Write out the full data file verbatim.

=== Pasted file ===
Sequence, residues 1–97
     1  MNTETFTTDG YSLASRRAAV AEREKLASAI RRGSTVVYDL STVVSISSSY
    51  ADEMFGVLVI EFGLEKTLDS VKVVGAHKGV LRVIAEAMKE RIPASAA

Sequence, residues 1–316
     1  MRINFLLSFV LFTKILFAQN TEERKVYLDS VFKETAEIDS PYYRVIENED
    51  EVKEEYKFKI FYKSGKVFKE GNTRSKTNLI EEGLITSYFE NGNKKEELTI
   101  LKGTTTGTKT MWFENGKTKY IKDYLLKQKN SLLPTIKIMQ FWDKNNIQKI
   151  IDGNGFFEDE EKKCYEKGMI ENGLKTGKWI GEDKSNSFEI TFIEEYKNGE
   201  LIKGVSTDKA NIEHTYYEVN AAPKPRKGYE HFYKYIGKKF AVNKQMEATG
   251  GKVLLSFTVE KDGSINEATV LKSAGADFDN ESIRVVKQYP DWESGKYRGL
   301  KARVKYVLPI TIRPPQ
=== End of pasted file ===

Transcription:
Sequence, residues 1–97
     1  MNTETFTTDG YSLASRRAAV AEREKLASAI RRGSTVVYDL STVVSISSSY
    51  ADEMFGVLVI EFGLEKTLDS VKVVGAHKGV LRVIAEAMKE RIPASAA

Sequence, residues 1–316
     1  MRINFLLSFV LFTKILFAQN TEERKVYLDS VFKETAEIDS PYYRVIENED
    51  EVKEEYKFKI FYKSGKVFKE GNTRSKTNLI EEGLITSYFE NGNKKEELTI
   101  LKGTTTGTKT MWFENGKTKY IKDYLLKQKN SLLPTIKIMQ FWDKNNIQKI
   151  IDGNGFFEDE EKKCYEKGMI ENGLKTGKWI GEDKSNSFEI TFIEEYKNGE
   201  LIKGVSTDKA NIEHTYYEVN AAPKPRKGYE HFYKYIGKKF AVNKQMEATG
   251  GKVLLSFTVE KDGSINEATV LKSAGADFDN ESIRVVKQYP DWESGKYRGL
   301  KARVKYVLPI TIRPPQ